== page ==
"Apart from providing mobile legal clinics in the region, we use cultural leaders to solve cases of child neglect, early marriages, domestic violence and alcoholism; we believe taking the fact that they are here to stay, they have influence in the society," she said.
Moses Oreka, the acting Chief Administrative Officer of Moroto district, said the district is working with cultural leaders through different programmes initiated by the district.
"Through cultural leaders, our women are trying to be organized; for instance, we have Village Savings and Loan Associations championed by women elders. We believe women who are economically empowered will be able to take ARV drugs regularly," he said.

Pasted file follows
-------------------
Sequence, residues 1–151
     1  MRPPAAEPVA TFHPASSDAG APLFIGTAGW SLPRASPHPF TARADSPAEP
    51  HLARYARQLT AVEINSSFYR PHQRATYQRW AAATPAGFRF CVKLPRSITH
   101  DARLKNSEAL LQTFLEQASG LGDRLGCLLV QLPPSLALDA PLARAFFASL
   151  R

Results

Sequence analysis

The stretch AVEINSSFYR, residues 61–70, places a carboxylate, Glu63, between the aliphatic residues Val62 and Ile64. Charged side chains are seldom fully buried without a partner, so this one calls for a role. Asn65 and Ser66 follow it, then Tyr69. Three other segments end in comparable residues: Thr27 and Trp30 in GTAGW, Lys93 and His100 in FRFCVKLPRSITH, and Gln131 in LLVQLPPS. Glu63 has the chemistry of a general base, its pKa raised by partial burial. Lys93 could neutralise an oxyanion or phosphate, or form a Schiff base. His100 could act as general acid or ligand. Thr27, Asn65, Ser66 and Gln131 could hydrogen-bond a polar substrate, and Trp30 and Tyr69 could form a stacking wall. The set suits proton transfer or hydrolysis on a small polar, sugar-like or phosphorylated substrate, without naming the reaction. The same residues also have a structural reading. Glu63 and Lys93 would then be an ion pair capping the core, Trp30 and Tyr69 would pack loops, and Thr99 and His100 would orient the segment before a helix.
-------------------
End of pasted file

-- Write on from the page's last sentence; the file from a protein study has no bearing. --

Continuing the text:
Charles Otoi, the CAO Kaabong district, said they are working with UN Women to train 10 groups of women and girls on financial literacy.
"Our target is the HIV/Aids patients spread out in Kaweya, Kapedo and Kaabong town council for the start. These elderly women and men help solve gender violence and do counseling for the sick. We really appreciate them," he said.
Although cultural leaders have been praised as having perfectly taken over the duties of VHTs, HIV counsellors and social workers in the Karamoja sub-region, district leaders say they are not paid for their services.
"We do this on humanitarian grounds; no one pays us. It is only organizations such as UN Women and Irish Aid that give us facilitation. Our cry is that government also facilitates our movements," Adupa said.
Oreka also said that Moroto district has financial constraints, which make it hard to facilitate cultural leaders.